Corvia Medical announced the closing of a $54 million equity financing from its existing investor syndicate. Funds will be used to support a confirmatory trial that builds on the data and learnings from the REDUCE LAP-HF II clinical trial of the Corvia Atrial Shunt in heart failure patients with preserved (HFpEF) or mildly reduced (HFmrEF) ejection fraction.
"We are grateful to have the ongoing support of our investors as we continue the work to expand access to this novel therapy," said George Fazio, CEO of Corvia Medical, "Corvia is dedicated to bringing atrial shunt therapy to the millions of heart failure patients who might benefit, and this funding allows us to continue advancing toward this important goal."
REDUCE LAP-HF II is a controlled trial of device-based therapy for HFpEF patients and, as recently published in Circulation, is the only study of an implantable therapeutic device to show clinical benefit in this population. 626 patients were randomized at 89 centers across the US, Canada, Europe, Australia, and Japan. Results showed that within a large responder population, representing 50% of study patients, treatment with the Corvia Atrial Shunt resulted in a 45% reduction in HF events and a 55% greater improvement in quality of life compared to sham control.
"We are committed to ongoing support for the only interventional therapy that has demonstrated significant clinical benefit for a large group of heart failure patients," commented Paul LaViolette, Board Chairman for Corvia Medical. "Corvia's institutional and strategic investors continue to believe in the benefits of atrial shunt therapy and feel strongly that that the Corvia Atrial Shunt has the potential to change the way heart failure patients are treated."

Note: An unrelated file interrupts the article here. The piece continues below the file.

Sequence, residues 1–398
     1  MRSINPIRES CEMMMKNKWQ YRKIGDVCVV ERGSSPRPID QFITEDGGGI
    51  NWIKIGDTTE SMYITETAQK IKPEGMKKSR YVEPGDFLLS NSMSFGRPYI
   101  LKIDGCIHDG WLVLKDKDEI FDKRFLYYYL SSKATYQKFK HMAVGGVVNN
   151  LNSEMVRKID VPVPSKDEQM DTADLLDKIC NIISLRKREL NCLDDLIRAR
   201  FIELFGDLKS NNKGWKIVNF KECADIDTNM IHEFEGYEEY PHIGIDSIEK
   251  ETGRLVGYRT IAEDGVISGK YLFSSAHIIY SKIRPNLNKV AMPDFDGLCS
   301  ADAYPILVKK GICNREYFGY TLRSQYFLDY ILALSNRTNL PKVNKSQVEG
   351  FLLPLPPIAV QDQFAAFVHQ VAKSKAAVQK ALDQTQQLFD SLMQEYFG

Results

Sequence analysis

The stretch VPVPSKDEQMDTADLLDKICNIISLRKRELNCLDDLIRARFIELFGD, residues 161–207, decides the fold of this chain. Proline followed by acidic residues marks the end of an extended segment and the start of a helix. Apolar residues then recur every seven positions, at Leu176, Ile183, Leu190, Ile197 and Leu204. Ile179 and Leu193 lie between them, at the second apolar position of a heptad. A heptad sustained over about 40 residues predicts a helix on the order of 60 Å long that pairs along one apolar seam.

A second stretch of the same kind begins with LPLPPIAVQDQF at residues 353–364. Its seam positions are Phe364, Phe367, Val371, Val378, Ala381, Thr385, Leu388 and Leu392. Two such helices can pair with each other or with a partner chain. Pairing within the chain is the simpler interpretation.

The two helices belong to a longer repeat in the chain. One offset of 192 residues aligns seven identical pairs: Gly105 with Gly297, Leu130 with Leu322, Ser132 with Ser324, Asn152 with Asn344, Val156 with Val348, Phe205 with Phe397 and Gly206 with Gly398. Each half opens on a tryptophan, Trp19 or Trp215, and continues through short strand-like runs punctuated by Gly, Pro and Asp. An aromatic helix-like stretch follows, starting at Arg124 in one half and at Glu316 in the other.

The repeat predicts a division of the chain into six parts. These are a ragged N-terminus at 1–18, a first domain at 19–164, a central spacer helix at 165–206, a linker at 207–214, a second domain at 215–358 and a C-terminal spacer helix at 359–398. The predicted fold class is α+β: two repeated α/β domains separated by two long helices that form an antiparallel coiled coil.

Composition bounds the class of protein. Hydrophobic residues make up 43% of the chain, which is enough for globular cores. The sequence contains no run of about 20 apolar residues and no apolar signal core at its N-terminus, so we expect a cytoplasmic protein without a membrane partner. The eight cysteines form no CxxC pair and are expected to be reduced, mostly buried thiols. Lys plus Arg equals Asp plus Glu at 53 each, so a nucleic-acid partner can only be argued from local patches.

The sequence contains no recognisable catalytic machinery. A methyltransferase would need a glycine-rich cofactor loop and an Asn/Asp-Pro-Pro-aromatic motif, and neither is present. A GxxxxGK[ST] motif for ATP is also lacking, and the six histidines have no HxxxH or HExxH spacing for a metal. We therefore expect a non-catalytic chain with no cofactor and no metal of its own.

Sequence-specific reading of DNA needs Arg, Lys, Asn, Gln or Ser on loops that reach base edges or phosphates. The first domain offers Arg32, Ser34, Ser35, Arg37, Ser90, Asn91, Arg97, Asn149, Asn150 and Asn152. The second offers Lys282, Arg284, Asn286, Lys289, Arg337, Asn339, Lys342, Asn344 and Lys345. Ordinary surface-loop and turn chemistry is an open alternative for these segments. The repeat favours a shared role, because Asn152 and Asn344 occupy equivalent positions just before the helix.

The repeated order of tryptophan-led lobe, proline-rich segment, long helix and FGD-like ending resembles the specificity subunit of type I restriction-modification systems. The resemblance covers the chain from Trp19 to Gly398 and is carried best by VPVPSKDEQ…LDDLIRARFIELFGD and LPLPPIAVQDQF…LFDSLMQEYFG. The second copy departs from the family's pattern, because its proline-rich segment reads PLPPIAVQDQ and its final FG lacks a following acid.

More than 26 million people worldwide have HF, and over half those have HFpEF, which has been described as the largest unmet clinical need in cardiovascular medicine. The Corvia Atrial Shunt is designed to reduce elevated left atrial pressure (LAP), the primary contributor of HF symptoms in HFpEF patients. The shunt is placed via catheter between the left and right atria, forming a passage that allows blood to flow from the high pressure left atrium to the lower pressure right atrium, with the aim of reducing HF symptoms and events and improving quality of life.